The coronavirus epidemic centered in China is having a devastating effect on people, but the effects on business are also being felt. Factories have closed down due to mandatory quarantines, ports are closed to shipping and oversees shipping is beginning to get backed up. This has resulted in delays in products shipping to the US. For instance, Nintendo Switch shipments have been delayed because of manufacturing slowdowns, and the rumored launch of a cheaper iPhone from Apple has been pushed back.
With entire provinces on lockdown, several printers who work with Chinese plants are having severe delays because of the outbreak, and now the first effect on comics have been announced. In a note to partners, Iron Circus Comics reported that several titles scheduled for the Winter and Spring 2020 seasons have had their release delayed. (Publishers who use Chinese printers print well in advance in order to use cheaper ground transportation, so with the shiping logjam, delays are compounded.)
“We first thought only the earliest titles would be affected but as the situation worsens, nearly every title will miss its original pub date,” writes publicist Jesse Post. ” We don’t want to commit to new dates until we get solid word from our vendors that they are safe and healthy and able to return to work. But most Iron Circus titles originally slated for release between February and July will move to later in the season.”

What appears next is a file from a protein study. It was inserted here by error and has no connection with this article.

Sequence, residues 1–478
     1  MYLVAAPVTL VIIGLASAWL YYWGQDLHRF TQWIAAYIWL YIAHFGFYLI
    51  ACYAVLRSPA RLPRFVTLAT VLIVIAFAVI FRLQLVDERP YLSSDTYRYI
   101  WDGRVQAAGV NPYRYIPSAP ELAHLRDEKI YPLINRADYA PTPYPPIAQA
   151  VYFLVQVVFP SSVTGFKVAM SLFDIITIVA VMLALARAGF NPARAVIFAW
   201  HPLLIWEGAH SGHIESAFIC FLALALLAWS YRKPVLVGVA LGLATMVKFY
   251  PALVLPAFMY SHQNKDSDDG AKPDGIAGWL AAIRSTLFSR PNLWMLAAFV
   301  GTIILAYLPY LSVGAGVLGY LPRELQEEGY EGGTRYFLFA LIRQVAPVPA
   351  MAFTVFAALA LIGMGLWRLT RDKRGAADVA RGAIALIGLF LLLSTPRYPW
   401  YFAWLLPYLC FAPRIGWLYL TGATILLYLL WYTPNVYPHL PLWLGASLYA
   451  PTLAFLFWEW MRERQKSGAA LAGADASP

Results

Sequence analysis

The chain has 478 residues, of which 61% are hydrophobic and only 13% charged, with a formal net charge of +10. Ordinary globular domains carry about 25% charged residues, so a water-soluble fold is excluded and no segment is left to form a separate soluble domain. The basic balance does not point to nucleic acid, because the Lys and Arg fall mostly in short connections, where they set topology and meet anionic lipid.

Among the titles delayed:
BANNED BOOK CLUB by Ryan Estrada, Kim Hyun Sook, and Ko Hyung-Ju (original: February / tentative: May)
THE NIXIE OF THE MILL POND ed. by Kell McDonald and Kate Ashwin (original: April / tentative: May)
THE HARROWING OF HELL by Evan Dahm (original: March)
SOFTIES by Kyle Smeallie (original: March)
SMUT PEDDLER PRESENTS: SILVER ed. by Andrea Purcell (original: May)
IT’S YOUR FUNERAL by Emily Riesbeck and Ellen Kramer (original: June)
PENULTIMATE QUEST by Lars Brown (original: July)
STUDENT AMBASSADOR by Ryan Estrada and Axur Eneas (original: July)
BANNED BOOK CLUB – a YA story about young adult activism in Korea – was among the eagerly awaited titles from Iron Circus, and the books Twitter account wrote:
While Iron Circus is living up to its reputation for straight talk by getting ahead of the delays, it could be only the first in a list of comics publishers with schedules pushed back as the epidemic continues to disrupt Chinese life.